Meltwater’s media intelligence platform executes millions of search queries every day. An Elasticsearch based platform contains 40+ billion documents and provides search results and analytics.
Queries can be interactive (a human waiting on the result) and non-interactive (batch-like queries for asynchronous reports). While most queries take in the order of milliseconds, some queries can be expensive and take seconds or minutes to execute. These ‘slow’ queries have a detrimental effect on the user experience, by hogging machine resources and increasing wait times. A 10-millisecond query that waits 30 seconds creates a bad quality of service.
Accurately predicting the execution time of queries makes it possible to segregate slow queries into a separate machine pool, thus mitigating the negative impact of these queries. Historical query logs contain an abundance of data and features to train a machine learning model on. However, the problem domain is complex and the data is noisy. With thousands of queries running concurrently across more than 400 machines causing interactions that affect query runtime.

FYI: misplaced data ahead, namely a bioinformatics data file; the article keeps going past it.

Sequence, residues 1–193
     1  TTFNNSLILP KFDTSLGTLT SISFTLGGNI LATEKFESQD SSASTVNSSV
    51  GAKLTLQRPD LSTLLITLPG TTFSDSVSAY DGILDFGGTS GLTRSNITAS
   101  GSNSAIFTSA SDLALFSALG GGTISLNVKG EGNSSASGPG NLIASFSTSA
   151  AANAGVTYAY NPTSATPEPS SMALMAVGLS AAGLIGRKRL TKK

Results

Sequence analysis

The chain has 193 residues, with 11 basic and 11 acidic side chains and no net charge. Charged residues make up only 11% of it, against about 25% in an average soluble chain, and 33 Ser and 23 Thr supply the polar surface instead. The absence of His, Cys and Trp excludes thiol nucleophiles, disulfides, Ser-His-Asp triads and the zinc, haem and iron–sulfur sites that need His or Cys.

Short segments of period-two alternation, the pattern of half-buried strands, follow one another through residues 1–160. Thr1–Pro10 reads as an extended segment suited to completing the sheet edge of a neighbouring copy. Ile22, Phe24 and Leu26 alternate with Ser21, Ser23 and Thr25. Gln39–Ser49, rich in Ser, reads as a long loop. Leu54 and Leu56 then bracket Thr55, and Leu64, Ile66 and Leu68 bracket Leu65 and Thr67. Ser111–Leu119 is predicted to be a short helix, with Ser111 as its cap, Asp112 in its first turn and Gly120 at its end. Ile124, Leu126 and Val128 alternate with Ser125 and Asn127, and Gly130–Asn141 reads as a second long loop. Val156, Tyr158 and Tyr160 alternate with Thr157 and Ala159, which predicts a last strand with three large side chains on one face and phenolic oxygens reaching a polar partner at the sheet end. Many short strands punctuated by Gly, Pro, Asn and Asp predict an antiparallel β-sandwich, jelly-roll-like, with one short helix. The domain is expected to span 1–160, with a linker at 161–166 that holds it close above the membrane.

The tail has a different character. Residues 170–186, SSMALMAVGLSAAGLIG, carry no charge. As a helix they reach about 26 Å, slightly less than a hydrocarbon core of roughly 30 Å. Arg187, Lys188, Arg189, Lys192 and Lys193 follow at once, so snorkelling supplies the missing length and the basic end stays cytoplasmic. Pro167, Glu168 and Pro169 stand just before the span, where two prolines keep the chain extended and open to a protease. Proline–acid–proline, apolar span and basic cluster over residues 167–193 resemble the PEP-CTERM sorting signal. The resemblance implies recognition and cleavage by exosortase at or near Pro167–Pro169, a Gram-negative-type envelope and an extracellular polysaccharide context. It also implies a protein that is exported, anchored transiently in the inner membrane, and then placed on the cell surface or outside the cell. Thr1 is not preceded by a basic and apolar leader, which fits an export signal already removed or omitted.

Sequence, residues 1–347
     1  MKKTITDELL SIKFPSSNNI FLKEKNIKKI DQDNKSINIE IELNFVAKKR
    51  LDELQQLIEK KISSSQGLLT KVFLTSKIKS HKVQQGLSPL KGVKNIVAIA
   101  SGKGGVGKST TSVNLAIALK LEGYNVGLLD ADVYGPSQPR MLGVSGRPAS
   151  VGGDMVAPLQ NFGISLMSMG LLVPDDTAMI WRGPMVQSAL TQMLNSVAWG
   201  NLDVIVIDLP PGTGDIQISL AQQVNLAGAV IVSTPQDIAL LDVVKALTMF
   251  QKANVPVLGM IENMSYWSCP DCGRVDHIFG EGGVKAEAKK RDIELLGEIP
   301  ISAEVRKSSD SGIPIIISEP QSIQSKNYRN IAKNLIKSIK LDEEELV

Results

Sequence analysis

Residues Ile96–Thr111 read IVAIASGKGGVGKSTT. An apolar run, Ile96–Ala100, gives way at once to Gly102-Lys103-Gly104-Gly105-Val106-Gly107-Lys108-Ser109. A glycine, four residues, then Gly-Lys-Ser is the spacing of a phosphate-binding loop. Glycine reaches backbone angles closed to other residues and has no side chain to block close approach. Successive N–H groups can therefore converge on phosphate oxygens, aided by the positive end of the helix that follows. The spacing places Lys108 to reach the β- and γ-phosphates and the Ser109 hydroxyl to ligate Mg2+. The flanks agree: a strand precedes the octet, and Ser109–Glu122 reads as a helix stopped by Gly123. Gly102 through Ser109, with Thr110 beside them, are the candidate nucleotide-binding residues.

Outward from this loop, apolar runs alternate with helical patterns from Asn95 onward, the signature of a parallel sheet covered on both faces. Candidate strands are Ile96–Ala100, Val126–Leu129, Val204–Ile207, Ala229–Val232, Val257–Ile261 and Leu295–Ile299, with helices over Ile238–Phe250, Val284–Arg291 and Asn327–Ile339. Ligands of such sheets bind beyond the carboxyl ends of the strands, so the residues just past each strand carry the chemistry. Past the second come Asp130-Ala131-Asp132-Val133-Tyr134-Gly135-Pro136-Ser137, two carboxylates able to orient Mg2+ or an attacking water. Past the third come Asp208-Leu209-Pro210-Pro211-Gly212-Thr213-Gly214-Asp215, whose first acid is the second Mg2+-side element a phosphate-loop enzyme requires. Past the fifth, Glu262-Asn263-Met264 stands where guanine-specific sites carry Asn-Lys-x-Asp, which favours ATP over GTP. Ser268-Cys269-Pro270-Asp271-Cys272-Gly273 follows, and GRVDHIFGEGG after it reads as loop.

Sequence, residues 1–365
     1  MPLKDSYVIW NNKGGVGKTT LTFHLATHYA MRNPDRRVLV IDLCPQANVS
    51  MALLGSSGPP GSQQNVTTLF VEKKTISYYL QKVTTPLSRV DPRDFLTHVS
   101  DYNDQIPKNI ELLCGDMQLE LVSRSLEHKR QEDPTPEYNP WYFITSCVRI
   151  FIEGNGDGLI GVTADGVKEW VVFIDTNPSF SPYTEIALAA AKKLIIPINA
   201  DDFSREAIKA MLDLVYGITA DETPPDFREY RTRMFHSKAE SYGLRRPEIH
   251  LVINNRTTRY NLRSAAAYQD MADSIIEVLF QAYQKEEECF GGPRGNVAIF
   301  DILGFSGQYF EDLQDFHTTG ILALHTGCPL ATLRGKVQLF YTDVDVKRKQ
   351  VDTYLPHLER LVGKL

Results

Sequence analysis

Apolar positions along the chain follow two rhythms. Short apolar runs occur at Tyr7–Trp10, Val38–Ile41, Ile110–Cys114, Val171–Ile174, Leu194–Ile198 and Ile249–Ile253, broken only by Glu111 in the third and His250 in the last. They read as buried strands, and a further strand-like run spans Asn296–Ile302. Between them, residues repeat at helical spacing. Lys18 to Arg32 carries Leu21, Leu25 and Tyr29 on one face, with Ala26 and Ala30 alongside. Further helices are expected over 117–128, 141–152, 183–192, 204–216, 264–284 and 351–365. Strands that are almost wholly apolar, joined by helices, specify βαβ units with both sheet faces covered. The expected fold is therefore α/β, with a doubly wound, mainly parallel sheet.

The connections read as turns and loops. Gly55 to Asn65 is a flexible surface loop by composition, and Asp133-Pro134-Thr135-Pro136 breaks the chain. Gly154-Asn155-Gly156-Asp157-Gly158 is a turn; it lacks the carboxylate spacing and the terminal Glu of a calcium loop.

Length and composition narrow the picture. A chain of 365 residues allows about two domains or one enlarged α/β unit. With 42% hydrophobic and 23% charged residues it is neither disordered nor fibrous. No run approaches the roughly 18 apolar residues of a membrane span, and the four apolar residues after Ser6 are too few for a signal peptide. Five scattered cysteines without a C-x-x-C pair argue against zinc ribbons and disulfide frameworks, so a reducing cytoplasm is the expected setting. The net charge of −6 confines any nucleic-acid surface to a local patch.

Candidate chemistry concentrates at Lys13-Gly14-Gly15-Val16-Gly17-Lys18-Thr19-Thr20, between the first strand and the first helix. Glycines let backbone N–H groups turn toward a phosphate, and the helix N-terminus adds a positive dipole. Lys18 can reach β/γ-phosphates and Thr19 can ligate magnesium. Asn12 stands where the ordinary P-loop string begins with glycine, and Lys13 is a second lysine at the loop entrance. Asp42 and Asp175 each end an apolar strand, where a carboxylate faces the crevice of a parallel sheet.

This talk will describe the problem and the challenges it poses from a machine learning perspective. It will describe the attempts to solve it, with a particular focus on techniques and algorithms that are useful when working with large-scale noisy data.
David Burke has worked professionally with machine learning for the past 9 years. He has been part of teams that successfully applied machine learning techniques both in the online and TV advertising domains at Admeta/WideOrbit and is now applying his knowledge to problems in the information retrieval domain at Meltwater.
David has previously presented talks in several international workshops and conferences and more recently (Feb’ 2017) hosted a machine learning meetup at WideOrbit’s Gothenburg office.
Machine learning in information retrieval is an exciting area and one that Meltwater want to be at the forefront of. This talk will present knowledge on what we are doing on one specific project, but with potentially several more ML projects in the pipeline, we see Meltwater becoming an active participant in the Gothenburg machine learning community.
We want to share our problems and solutions in order to generate discussions, build relationships and continuously learn and improve in what we do.